FIRE DANGER SEASON FOR STARTS 1ST DECEMBER AND FINISHES 30TH APRIL
Living with a bushfire risk - As you live in a high bushfire risk area you can expect several days a year on which you, your family and your house may be threatened by fire. Therefore you need a practical Bushfire Plan to know exactly what you and your family will do on these days.
CFS Protecting your home and property - CFS cannot guarantee the presence of a fire fighting vehicle and crew to protect every home in a major bushfire. It is therefore extremely important to plan for your family's safety and be self-reliant. Making the right decision about whether to stay or go is critical for your own safety and that of your family.
Property Access - Clear access will allow for the safe movement of fire fighting vehicles. Gateways should be at least three metres wide. Roadways need a well compacted surface with slopes no greater than one metre rise for every four metres, with solid crossings over permanent waterways. Turn areas of 25 metres in diameter are necessary.
Bushfire Survival - Stay or Go? - You must assess your individual situation and decide to STAY or GO. Remember, you need to decide NOW and act early on your plan. Making the right decision to stay or go for yourself and your family is critical for your safety and survival.
If you are planning to go your decision needs to be made well before the Fire Danger Season and planning is as important as it would be if you were to stay. Consider these points in your plan:
Making a Bushfire Survival Plan - Protection of your home, family, pets and assets are your responsibility. Every home and every person's situation is different, that is why every household needs to develop their own Bushfire Emergency Plan.
When To Leave - It may be appropriate to go to your chosen refuge on any day the bushfire danger is extremely high.
Do not wait until a bushfire threatens, monitor the radio and leave well before the fire front arrives. Never wait until the last moment and follow your pre-season plan.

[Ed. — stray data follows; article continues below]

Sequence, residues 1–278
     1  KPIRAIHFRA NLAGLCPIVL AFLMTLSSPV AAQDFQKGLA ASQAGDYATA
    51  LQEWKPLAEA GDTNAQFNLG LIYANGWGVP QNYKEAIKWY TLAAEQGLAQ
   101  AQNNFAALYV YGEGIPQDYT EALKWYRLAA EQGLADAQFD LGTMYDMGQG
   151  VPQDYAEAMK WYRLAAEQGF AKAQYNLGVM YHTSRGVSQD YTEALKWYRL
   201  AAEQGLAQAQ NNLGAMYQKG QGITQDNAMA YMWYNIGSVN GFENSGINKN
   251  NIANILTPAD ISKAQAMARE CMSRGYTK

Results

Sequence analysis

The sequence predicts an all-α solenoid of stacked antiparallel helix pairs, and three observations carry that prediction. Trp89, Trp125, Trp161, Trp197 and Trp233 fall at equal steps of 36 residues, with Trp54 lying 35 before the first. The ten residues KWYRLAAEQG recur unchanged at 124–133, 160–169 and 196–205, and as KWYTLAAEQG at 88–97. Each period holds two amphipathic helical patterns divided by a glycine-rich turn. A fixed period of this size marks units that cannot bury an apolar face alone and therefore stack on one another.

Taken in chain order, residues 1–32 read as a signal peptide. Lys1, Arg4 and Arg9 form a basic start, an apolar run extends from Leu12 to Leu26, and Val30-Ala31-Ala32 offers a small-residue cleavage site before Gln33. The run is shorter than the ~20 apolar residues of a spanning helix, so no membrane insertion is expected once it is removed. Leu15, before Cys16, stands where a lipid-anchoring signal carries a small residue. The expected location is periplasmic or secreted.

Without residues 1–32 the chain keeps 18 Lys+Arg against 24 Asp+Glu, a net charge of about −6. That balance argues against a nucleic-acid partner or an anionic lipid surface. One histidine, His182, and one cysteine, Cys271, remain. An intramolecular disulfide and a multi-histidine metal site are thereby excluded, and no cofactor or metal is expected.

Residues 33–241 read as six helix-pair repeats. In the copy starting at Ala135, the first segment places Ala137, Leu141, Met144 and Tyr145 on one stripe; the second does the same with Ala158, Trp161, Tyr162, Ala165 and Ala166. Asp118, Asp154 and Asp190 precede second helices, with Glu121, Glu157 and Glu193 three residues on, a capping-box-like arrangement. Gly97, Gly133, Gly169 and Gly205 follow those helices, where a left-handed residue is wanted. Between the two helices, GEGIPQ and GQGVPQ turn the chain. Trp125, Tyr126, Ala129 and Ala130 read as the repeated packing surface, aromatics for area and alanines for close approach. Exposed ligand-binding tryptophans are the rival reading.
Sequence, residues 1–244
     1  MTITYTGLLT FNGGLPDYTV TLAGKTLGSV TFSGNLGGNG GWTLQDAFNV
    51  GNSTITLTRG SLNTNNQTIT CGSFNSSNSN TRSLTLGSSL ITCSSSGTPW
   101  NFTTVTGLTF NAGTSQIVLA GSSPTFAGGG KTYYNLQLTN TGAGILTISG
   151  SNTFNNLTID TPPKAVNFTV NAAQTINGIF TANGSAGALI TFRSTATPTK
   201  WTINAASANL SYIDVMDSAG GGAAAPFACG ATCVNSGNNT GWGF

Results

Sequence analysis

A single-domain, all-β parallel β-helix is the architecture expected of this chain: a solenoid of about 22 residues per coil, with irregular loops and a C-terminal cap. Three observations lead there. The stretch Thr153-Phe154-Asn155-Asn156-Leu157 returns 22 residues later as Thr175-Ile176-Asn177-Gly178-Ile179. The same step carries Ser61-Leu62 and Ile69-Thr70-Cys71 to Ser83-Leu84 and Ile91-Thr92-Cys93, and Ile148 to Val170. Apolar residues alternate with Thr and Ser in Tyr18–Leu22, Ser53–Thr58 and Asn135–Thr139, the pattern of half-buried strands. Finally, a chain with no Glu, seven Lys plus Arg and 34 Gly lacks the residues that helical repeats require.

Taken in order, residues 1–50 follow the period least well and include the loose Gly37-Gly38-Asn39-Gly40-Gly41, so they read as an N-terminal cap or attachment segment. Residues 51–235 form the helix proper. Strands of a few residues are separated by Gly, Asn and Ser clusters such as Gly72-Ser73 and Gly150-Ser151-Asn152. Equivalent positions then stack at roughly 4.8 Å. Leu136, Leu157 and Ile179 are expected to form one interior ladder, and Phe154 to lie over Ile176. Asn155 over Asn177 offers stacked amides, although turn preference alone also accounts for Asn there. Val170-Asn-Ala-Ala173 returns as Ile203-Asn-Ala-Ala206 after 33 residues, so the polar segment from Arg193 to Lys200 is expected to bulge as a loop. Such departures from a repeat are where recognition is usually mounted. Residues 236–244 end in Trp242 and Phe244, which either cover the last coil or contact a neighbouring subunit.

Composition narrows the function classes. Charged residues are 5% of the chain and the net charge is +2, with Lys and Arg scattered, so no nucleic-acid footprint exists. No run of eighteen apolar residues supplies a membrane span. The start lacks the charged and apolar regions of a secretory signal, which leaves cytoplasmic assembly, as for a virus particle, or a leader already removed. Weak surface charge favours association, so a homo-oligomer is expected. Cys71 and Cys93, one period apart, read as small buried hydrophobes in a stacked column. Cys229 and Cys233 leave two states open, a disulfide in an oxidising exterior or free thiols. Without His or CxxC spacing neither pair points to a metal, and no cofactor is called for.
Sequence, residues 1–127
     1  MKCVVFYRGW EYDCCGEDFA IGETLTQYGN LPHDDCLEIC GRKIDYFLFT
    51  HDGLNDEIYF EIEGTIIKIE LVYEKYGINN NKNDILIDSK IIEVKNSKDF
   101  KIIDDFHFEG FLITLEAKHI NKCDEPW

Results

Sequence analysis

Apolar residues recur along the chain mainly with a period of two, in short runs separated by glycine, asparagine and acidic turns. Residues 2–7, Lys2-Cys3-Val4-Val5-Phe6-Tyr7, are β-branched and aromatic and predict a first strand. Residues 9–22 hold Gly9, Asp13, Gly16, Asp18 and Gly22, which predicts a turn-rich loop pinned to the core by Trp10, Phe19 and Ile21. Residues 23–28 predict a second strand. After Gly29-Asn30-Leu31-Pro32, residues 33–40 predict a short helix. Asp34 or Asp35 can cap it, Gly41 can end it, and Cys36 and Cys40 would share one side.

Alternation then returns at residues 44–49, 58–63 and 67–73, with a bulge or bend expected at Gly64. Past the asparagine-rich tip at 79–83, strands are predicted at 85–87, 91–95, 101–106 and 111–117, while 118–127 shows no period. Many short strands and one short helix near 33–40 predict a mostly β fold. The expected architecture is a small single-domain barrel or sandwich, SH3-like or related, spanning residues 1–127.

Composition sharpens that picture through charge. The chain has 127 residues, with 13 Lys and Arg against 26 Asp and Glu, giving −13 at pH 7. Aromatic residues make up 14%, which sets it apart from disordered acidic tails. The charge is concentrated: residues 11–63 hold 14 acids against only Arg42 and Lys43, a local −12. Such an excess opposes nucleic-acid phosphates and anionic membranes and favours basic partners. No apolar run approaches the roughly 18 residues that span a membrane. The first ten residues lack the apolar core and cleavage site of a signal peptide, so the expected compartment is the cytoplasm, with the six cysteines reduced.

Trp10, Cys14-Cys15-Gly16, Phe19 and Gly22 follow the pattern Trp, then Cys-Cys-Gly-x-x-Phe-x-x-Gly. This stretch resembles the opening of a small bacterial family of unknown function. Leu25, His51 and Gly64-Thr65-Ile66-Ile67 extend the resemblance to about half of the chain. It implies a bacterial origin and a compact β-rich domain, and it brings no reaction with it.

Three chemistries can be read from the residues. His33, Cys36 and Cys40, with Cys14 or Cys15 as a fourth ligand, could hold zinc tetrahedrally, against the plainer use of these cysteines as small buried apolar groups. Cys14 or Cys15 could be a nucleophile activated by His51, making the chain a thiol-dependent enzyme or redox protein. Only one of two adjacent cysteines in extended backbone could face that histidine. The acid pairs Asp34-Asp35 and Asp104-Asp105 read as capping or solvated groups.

If Family Members Get Separated - Plan what you will do if fire comes while your children are at school or family members are at work. Find out the school's policy on bushfires. Do not allow panic to drive anyone into life threatening conditions searching for missing relatives or pets.
Water Supply - Mains water cannot be relied on during bushfires as power could be cut or water pressure dramatically reduced.
If you have water tanks, dams or a swimming pool, a portable pump and a hose will be required to provide water reserves for the CFS. Gravity fed water tanks with wide opening outlets enable quick filing of buckets plus the use of portable pumps.
To use your pumping equipment fit gate valves to all new tanks. Ideally your water supply should be close to the house and there should not be exposed areas of plastic pipe or hose to melt.
Managing vegetation around your home - Fuels naturally build up over time and without active management have the potential to accumulate to such an extent that fire control is difficult or under some conditions impossible.
Prepare Properties and Homes - It's important people have their own fire fighting equipment and safety items, and have a battery operated radio on hand for news updates.
Prepare the Family and Pet Animals - People should have their survival kit ready; make their home a safe place of refuge for family members, care for their pets and livestock, by placing them in a safe area during a bushfire. Ensure your dogs and cats are identified and registered to increase the chance of being reunited if you become separated.
Why Do Houses Burn? - Many houses survive the fire front only to be destroyed later by fires started from burning debris. Strong winds can break glass or damage roofs allowing flying embers to get inside.
In a bushfire houses can burn because of
Spark Proofing - Survival of the house can depend on stopping sparks and burning material entering through windows, under doors, roofs and floorboards.
Protect you home by:
Air Conditioners and Skylights
To block sparks and smoke from entering your house, turn off evaporative air conditioners. Plastic skylights may melt and glass ones can break in heat and flames. Install wire meshed glass or thermoplastic covers to skylights.
Parking In The Hills - Where and how you park your vehicle is an issue in the hills all year round but more so during bushfire season.
Lives and homes are put at risk if access to fire tracks or the most direct route to a fire is impeded by thoughtlessly parked cars obstructing traffic.
When you park your vehicle ensure that there is at least three metres of road clearance alongside your car which will allow other vehicles to pass. This is required by law and you may save a life!.
Responsibility - The onus is on people living in fire risk areas to take responsibility for their own safety and security, therefore it is important that a property owner does the necessary hazard reduction work around their property. With the correct preparations and planning you can survive a bushfire.
Those land owners that ignore the need to prepare their property for the fire danger season not only endanger their own property, but also the lives and property of their neighbours and the community.
If you are unsure of some of the answers or do not understand contact Council's Bushfire Prevention Officer on 8408 0400 or email firstname.lastname@example.org for an inspection or advice, or visit the CFS website on http://www.cfs.org.au/.
REMEMBER, A WELL PREPARED PROPERTY IS YOUR BEST DEFENCE